Premier Guarantee warns of affordable housing shortage

Amanda Jarvis

May 24, 2006

Analysis of the housebuilding sector by Premier Guarantee said the affordable housing crisis is worsening by 165 homes per day.

Although the number of homes being built is increasing, with a 17 per cent rise in new homes completions in the first quarter of this year compared to the same period in 2005, 70 per cent of all homes built are now priced at more than £150,000.

The increase in housebuilding also masks a sharp fall in the number of affordable homes being built by housing associations.

Of the 52,140 applications to build new homes in the first quarter of 2006, just 6,317 were by, or on behalf of, housing associations – 11 per cent down on the same period of 2005.

This reduction in the building of affordable homes is at odds with the Government’s efforts to improve the supply of low cost homes for struggling first-time buyers and those priced out of the housing market altogether.

Furthermore, whilst the overall increase in housebuilding might be seen as an improvement in housing supply, this perception hides the reality that Britain’s housing shortage is worsening rapidly with just 170,000 new homes being delivered each year whilst 230,000 new households are being formed annually, according to Government figures. This means that in a best-case scenario, Britain’s housing shortage is worsening by 60,000 homes a year, or 165 homes per day.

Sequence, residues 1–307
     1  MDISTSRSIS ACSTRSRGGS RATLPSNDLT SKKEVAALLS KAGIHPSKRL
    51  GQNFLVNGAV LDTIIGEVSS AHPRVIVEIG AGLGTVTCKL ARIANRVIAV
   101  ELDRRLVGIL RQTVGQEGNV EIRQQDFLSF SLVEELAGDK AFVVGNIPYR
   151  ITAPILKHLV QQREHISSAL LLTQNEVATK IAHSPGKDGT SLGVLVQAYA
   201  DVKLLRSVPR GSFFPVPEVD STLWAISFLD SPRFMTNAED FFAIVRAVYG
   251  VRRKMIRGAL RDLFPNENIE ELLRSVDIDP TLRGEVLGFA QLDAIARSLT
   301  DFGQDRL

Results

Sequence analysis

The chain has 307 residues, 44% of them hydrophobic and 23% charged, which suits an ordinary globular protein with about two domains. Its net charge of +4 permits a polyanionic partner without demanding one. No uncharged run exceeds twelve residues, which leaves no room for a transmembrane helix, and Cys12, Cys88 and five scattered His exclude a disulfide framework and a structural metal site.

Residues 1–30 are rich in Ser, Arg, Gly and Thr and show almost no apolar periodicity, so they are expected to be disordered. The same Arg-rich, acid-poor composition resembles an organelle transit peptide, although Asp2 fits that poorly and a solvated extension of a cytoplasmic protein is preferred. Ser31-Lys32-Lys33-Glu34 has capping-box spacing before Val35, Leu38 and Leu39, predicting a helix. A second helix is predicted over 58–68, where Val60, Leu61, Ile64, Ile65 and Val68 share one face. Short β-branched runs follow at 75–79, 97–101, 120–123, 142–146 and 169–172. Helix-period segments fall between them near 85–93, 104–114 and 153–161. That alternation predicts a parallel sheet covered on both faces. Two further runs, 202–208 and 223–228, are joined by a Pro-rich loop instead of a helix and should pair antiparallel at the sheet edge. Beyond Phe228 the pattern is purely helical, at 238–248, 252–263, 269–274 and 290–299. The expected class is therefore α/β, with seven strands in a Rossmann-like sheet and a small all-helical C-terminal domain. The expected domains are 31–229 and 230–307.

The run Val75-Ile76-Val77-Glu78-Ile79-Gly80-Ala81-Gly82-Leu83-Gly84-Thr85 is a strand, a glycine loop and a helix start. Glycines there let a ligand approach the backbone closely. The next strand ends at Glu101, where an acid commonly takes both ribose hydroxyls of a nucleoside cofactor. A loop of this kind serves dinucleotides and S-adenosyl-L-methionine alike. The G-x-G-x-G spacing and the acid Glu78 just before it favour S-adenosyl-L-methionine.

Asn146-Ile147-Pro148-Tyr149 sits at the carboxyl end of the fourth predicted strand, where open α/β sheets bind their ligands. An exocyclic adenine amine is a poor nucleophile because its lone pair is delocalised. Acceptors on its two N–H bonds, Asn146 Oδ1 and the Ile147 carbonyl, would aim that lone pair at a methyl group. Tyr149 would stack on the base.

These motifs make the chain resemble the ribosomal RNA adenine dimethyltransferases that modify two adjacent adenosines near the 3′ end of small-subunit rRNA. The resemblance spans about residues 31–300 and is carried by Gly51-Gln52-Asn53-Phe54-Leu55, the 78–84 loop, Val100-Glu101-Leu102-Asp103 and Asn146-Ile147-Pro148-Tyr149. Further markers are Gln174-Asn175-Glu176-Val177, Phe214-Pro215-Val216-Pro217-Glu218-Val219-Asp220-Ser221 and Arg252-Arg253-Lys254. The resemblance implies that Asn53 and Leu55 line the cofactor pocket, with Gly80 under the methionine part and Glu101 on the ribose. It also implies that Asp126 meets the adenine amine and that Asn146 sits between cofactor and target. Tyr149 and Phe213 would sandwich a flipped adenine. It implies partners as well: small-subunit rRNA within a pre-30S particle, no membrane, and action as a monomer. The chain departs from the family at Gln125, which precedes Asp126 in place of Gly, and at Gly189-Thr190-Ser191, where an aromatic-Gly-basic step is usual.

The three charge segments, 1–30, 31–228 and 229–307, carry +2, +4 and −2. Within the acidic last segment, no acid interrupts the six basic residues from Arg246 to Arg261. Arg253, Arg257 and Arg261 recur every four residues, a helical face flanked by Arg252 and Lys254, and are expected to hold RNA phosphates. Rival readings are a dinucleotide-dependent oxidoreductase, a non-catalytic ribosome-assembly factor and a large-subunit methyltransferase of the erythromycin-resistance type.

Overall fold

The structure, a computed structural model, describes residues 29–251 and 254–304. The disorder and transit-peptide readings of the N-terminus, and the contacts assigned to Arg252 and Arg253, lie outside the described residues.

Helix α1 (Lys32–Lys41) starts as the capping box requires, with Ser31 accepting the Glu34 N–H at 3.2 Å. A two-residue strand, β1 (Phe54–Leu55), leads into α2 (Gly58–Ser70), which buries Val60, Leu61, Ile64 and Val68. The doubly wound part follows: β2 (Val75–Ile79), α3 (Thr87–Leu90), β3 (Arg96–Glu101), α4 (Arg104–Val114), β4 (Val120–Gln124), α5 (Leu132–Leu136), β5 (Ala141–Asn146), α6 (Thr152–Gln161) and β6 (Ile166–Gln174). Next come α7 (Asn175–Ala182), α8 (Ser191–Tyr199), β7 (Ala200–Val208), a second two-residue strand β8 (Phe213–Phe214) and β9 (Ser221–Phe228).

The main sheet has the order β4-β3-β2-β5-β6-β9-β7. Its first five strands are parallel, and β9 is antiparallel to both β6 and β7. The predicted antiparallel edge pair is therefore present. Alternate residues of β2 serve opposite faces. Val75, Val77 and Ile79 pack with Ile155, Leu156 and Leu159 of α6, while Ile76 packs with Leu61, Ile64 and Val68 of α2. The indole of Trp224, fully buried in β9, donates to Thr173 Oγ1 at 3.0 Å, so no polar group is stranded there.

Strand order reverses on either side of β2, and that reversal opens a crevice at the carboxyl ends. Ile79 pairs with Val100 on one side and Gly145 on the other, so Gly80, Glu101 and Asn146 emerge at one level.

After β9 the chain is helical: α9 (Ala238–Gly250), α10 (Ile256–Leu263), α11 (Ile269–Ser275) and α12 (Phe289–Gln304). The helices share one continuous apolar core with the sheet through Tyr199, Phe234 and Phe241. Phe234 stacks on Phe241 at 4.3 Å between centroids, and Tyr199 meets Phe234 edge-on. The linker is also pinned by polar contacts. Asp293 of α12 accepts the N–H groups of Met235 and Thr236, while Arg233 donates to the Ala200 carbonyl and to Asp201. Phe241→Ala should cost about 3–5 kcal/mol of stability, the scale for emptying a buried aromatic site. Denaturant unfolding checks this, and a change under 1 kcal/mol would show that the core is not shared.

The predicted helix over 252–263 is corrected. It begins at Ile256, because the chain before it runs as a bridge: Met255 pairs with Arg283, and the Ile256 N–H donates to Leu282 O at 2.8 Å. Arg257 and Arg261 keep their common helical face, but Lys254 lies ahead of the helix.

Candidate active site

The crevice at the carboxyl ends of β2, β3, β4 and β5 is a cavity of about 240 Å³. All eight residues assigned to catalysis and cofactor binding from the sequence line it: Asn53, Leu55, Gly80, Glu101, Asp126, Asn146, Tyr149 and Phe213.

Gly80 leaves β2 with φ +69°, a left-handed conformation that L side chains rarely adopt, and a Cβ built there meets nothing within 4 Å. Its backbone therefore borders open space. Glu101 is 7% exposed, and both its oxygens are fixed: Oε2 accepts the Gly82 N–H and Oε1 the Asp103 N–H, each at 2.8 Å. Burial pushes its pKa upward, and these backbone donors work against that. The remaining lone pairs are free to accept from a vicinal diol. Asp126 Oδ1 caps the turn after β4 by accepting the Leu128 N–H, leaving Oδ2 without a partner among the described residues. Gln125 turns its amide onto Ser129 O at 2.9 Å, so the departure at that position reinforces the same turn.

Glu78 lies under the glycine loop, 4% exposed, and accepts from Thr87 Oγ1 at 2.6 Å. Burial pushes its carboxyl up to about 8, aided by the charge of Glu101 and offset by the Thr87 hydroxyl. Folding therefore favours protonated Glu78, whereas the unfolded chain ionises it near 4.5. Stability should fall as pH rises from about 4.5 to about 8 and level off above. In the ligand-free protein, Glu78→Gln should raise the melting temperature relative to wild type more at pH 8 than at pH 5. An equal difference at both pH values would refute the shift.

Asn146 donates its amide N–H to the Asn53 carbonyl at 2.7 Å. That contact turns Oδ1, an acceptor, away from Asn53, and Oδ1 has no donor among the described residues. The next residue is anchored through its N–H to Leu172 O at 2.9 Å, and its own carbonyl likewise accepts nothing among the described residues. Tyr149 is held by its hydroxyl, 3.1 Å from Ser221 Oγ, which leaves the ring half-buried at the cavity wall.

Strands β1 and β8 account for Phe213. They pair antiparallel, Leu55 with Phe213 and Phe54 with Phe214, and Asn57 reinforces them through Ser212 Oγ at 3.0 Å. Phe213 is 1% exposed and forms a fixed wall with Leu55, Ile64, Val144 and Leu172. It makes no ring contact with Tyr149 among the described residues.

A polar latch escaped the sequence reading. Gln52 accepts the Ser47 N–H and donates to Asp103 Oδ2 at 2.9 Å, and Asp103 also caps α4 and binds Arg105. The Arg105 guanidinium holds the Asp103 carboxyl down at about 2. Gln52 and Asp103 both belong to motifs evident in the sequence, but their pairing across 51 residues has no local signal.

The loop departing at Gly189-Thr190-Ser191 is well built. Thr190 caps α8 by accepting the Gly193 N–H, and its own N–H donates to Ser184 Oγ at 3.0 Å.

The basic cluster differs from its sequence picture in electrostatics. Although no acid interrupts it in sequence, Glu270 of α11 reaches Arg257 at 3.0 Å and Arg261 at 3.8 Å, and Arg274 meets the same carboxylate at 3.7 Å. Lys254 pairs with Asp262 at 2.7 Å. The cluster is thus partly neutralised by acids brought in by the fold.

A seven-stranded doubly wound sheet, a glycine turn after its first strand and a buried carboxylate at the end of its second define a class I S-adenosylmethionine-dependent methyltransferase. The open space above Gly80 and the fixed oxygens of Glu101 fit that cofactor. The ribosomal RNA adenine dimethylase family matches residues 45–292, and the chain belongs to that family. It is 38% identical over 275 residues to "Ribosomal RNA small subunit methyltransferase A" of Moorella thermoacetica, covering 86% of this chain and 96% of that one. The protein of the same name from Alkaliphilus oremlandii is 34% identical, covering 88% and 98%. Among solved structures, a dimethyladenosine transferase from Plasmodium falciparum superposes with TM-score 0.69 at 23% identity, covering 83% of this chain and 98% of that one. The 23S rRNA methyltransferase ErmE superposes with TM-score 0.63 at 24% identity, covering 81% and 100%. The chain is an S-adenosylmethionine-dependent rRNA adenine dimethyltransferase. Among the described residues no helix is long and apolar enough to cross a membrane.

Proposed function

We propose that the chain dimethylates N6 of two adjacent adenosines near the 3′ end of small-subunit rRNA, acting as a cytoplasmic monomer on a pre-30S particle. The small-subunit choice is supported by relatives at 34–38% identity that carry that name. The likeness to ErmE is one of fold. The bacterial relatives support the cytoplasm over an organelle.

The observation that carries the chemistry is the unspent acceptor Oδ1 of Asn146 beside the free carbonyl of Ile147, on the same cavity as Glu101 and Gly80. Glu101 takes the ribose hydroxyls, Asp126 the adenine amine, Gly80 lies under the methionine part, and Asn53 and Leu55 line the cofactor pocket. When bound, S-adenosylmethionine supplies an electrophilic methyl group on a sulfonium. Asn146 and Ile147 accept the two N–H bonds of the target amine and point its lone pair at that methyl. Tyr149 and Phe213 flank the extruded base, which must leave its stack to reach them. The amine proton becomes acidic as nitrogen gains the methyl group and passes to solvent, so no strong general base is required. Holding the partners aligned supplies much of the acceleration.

Robin Plaster, sales and marketing director for Premier Guarantee, said: “Although there has been a substantial increase in new housebuilding, any notion that the housing crisis is being tackled or that the situation for first-time buyers is likely to ease, can be firmly dismissed.

“The Government must do more to assist first-time buyers with the expansion of the shared equity scheme, along with the release of Government-owned land for the creation of more low-cost homes which are truly affordable.”

According to the Halifax the average age of a first-time buyer is now 33, resulting in high numbers of young people in their twenties and thirties being left with no choice but to continue living with their parents, unable to afford a home of their own. If there are not enough suitable properties on the market, the Government’s shared equity schemes will only serve to push prices up higher by creating hundreds of thousands more potential owners while failing to provide enough new homes.

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